When I first started out as a freelancer, I basically had no idea what I wanted to do. I knew that I wanted to write, I knew that there were different platforms I could use to write but I had no direction.
It was pure luck that I managed to stumble upon several things which not only helped me secure success, but also rocketed me almost 18 months ahead of where I anticipated I would be in terms of my business plan, writing career and income.
The lesson here is don’t put all your eggs in one basket.
Diversify the crap out of your writing (yes, that’s a very technical bit of advice there!). See what works for you, expand on that, prune whatever doesn’t work for you after you’ve given it a fair chance, and use as many different platforms as you can to see what will assist you in building your brand the best.
Take the time to find a niche and platform that truly works for you, which will allow you to maximise your profits for as little time as possible. Yes, I’ve seen people who earn thousands of dollars per month on one particular freelancing website – and if that works for you, then great. But for others (like me), it was more of a way to initially build up some experience then dive into other areas because I was dedicating far too much time to ghostwriting for other people, for minimum income.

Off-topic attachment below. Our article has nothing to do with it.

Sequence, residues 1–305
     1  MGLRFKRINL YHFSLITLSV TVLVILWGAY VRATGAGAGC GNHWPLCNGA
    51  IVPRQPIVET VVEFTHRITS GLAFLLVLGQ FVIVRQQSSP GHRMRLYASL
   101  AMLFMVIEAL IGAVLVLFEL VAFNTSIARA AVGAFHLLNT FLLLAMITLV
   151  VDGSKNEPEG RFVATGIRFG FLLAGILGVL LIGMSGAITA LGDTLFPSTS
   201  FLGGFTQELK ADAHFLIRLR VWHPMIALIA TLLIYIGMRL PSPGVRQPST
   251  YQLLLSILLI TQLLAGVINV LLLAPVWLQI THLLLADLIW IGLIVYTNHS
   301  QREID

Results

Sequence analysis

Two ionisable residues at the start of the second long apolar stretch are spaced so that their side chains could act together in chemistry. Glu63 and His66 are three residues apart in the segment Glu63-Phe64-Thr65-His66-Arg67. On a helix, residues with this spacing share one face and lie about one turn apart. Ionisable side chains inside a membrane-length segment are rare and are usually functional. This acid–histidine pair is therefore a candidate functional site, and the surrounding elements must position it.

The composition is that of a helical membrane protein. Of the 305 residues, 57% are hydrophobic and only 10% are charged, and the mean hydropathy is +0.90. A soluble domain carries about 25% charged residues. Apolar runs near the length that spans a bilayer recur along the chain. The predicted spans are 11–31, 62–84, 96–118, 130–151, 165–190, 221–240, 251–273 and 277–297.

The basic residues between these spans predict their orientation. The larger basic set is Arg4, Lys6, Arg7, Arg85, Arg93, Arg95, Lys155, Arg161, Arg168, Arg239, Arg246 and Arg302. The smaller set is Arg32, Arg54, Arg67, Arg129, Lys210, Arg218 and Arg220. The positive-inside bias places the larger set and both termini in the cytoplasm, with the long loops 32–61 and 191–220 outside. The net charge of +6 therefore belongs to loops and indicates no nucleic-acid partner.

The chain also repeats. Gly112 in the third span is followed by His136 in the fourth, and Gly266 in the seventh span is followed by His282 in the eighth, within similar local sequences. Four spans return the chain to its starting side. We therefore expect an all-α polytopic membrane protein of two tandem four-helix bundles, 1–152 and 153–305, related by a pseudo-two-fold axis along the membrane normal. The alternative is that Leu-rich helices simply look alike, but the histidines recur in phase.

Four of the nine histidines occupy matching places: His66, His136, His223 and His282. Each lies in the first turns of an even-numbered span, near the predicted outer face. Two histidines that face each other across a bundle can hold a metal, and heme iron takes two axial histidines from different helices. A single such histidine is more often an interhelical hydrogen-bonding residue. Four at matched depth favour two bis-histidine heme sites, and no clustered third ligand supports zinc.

When it comes to blogging, what worked best for me was setting up a number of blogs (both free and paid), posting some content on each and seeing where traffic was getting directed before I worked out a plan to monetise them. Weirdly, the one blog that I started as more of a joke to explore my not-so-inner geekiness than anything else gets the highest number of views compared to the others where I’m writing on topics that I know inside out and back to font.
I can’t tell you where and what to focus on. In other blog posts I’ll cover different places you can investigate as platforms for yourself, but what works for one may not work for the rest. All I can do is share what worked for me, and share the lessons that I learnt with you and wish you luck in finding your own little piece of the writing world.